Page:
So we were talking about that in our peasant robes at the Bath when the W. convinced me: mud mask. Had to walk about in front of all the men and women looking like I just escaped from a beauty-obsession ward. But I admit my skin DID feel softer afterwards. And we still have some of the mud.

I paged Knob after telling her about it; I think all my friends could use a nice day here but especially her.

Took the W. out for Indian at Panna II; kind of in memory. The food was yummy; not many people there though. So many restaurants are empty or closing now in the city-not happy! But then perhaps global warming will come to the rescue. It's meant to be about 60 today in the city. In January!

Wednesday, January 11, 2006


I have found it!

Consider these points:
1. Republicans only respond to their contributors. They are corrupt and don't care about their own people.
2. The Republicans are very effective at getting their agenda enacted.
3. Therefore, if Democrats want effective leaders, we should donate to Republicans. If we give them enough money, they will forget about the Right-and we might get some real work done.

Just a thought.

Monday, January 09, 2006

Monday lunchtime news roundup: tea, no sympathy

Yep, you saw it - tea. Trying to be more health-conscious these days. I kinda miss being vegan.

Today's news roundup is kind of weird. From Belfast, Ireland:

Belfast City Airport has introduced a new alert system designed to help deaf and hard of hearing passengers. All deaf or hard of hearing passengers will have access to a hand-held Deaf Alerter device, which will vibrate and flash automatically if the fire or security alarms at the airport are activated. As well as being a safety device, the alerter will also help to keep passengers who have difficulty hearing spoken announcements up-to-date with the latest information with their flight. It will alert passengers to any announcements or changes concerning their flights, telling them when their gate opens and when boarding begins. In the event of delays or cancellations, it will let them know the revised departure times for their flights.

Here in the States, we don't have such equipment available - but many airlines do offer text or e-mail alerts for the above events. Those with pagers should contact their airline and see what is available.

In other news, was pleased to see my friend Jenn Dodds quoted on U.TV Live regarding yet another internet application for Deaf people (are you watching, Ridor?):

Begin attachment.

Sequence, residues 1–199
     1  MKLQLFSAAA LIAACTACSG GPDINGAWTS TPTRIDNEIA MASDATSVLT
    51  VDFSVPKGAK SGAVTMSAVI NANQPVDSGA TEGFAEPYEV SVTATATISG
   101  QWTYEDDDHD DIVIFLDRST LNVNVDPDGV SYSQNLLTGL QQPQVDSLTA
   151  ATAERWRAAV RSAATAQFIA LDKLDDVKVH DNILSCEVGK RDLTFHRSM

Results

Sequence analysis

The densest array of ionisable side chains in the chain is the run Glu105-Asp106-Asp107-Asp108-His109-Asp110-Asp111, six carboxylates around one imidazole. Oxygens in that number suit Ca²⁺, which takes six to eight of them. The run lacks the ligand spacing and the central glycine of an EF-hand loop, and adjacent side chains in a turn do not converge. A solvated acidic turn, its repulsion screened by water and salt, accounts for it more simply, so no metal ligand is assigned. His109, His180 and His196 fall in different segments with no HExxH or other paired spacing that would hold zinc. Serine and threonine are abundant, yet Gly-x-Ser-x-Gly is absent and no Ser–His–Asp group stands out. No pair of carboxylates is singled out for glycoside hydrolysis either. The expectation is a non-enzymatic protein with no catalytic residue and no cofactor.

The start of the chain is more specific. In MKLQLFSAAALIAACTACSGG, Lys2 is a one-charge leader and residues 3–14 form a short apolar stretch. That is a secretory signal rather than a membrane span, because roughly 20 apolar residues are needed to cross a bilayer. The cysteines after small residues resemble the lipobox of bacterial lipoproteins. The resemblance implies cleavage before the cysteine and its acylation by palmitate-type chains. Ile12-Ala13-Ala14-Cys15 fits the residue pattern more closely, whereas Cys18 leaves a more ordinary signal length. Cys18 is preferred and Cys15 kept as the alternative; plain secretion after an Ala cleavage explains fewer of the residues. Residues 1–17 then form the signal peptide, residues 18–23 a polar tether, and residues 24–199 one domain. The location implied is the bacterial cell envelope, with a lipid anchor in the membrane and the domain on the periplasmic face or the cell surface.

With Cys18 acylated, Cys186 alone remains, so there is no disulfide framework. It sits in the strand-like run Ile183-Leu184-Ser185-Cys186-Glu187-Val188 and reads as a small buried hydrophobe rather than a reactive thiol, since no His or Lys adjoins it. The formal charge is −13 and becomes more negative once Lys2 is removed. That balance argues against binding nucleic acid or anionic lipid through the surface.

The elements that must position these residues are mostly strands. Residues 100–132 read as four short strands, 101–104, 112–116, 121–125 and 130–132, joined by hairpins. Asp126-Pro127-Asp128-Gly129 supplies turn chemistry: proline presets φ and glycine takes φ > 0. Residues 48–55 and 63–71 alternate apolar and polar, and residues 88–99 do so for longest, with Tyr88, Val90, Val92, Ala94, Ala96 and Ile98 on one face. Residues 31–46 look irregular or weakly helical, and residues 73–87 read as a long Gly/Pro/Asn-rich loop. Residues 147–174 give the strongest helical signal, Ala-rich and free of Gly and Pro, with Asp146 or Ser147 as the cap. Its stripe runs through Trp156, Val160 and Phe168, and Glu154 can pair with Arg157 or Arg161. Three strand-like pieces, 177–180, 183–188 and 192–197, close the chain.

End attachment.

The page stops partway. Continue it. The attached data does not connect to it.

A group of British deaf people have today launched a major new internet service which aims to bring deaf people from across the globe closer together. is a new free service which will bring together online journals, known as blogs, by deaf people from all over the internet, promoting self-expression in text, images and video to reflect how diverse the international deaf community is.

The new site also offers support and step-by-step guides for anyone who wants to set up and run their own blog or videolog but isn`t sure what to do.
Click here to find out more!

Yay, international deaf blogging! Maybe Ridor can work out the next Deaf Blog Awards with Any other deaf news out there?

Am continually shocked by the Abramoff scandal currently raging. More about that later.

Saturday, January 07, 2006

Deafie's Home Journal

Caring For Your Eyes: What your hearing parents won't tell you

Deaf people use their eyes more than hearing people so it is vital to establish a regular eye care regimen. Our suggestions at DHJ?

  1. Moisturize. When you use your hands, your skin dries. So too the vitreous material in your eyes. Regular application of Visine or another eye moisturizer twice a day can help prevent eye damage.

  2. What's up, Doc?: Eat carrots two or three times a week and take a daily multivitamin to ensure your eyes are getting the raw materials they need to work well.

  3. Rest. We use our eyes for conversations with friends, computer chats, interpreted events. Before these events, sit in a dark room with your eyes closed for five minutes. Besides being a great way to prepare, this gives your eyes the opportunity to recover from heavy usage-and you'll be able to better focus on the people you sign with.

Join us next week when we look at ten ways to hit a G-spot while fingerspelling the national anthem.